17. ^ DECIMVSQVINTVS CIRCITER agitur annus, candide Lector, quo universam Orbis terrarum designationem, in hanc humani cordis effigiem primum redegimus: Idque in gratiam Christianissimi ac potentissimi FRANCISCI Francorum Regis, Mœcenatis nostri clementissimi. Quam dum videremus ipsi Regi, Polyhistori, ac non vulgari Geographo, valde placere ab omnibus quoque (etiam exteris) laudari plurimum: desiderabam eandem orbis descriptionem, universis Mathematicarum studiosis aliquando communicare. Quod post varia fortunae, ac studii nostri (quae hactenus nobis impedimento fuere) discrimina, tandem nostro effecimus periculo. Itaque plurimis recentiorum hydrographorum observationibus auctam, et emendatam ipsius geographici cordis imaginem, tibi studiose lector, cunctisque bonae voluntatis hominibus, cordato ac liberali praesentamus animo. Reliquum est igitur ut hunc laborem nostrum et industriam, humano vultu non graveris accipere, et aequi bonique consulas. Ipsi demum Christianissimo, ac magnifico Regi nostro, prosperam exoptes foelicitatem, cuius favore atque munificentia, haec (interea dum molimur graviora) tibi communicavimus. Vale, Luteciae Parisiorum.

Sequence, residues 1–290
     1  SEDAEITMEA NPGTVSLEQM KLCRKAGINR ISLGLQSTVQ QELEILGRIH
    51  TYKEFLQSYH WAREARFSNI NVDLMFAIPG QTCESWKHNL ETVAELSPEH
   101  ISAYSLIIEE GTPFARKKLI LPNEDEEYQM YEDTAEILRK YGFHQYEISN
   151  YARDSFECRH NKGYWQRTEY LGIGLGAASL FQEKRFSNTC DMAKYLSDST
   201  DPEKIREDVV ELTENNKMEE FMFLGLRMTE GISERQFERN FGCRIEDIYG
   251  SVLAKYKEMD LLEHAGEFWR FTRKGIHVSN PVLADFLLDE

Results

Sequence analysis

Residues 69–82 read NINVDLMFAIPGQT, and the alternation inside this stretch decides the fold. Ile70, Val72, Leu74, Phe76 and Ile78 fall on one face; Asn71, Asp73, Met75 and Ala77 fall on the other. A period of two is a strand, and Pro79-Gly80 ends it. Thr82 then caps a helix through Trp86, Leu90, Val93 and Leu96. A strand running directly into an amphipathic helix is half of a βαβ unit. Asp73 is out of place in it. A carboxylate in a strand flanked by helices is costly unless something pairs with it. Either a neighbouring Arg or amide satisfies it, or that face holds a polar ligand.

18. ^ ANNOTATIO: Ex hac plana terrarum orbis descriptione, duorum quorumcumque locorum, datarum longitudinum atque latitudinum, directum itineris intervallum (modo illud nonaginta non superet gradus) prope verum supputate licebit. Numeratis itaque eorundem locorum longitundinibus atque latitudinibus, eiusdemque locis in Charta coassumptisum ponito unum circini pedem super altero locorum, asium vero extendito in reliquum. Dein traducito circinum invariatum in ea rectam, quae figura bifariam dividit, & in suos gradus distributa est: & animadvertito, quot gradus capiat ipse circinus. Hos enim si per 62 miliaria, aut gallicas leucas 31, seu 20 communes, qui decim ve maiores multiplicaveris: via totiam eorundem locorum distantia obtinebis.